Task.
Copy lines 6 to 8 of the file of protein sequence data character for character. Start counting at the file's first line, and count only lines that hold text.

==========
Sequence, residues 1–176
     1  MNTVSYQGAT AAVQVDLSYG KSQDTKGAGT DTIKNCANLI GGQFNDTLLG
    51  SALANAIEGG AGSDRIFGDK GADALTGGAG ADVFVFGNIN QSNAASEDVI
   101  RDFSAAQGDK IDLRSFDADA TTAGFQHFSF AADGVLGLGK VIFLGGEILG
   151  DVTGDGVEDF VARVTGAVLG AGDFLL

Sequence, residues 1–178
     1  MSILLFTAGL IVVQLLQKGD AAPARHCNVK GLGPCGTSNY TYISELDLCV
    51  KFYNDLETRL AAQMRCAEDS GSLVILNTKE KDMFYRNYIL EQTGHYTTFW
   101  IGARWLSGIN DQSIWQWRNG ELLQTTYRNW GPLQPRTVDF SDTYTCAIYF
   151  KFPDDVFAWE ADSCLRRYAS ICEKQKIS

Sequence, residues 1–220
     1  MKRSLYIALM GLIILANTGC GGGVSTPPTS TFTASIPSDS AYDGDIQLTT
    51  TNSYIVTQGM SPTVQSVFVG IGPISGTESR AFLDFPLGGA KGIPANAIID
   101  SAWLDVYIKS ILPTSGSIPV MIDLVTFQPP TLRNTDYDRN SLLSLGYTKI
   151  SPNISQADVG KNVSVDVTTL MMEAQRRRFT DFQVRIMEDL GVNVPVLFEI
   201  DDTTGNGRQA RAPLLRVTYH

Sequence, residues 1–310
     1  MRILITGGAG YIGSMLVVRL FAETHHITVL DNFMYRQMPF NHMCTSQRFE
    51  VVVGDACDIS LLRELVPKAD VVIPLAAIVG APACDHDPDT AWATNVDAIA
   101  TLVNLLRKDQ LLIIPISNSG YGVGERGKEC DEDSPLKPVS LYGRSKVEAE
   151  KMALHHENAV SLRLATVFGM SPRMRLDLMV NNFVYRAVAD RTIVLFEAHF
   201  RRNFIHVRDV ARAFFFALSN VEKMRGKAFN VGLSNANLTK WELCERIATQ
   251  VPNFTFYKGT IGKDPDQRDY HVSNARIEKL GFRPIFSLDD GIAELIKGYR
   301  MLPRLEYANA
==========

Sequence, residues 1–178
     1  MSILLFTAGL IVVQLLQKGD AAPARHCNVK GLGPCGTSNY TYISELDLCV
    51  KFYNDLETRL AAQMRCAEDS GSLVILNTKE KDMFYRNYIL EQTGHYTTFW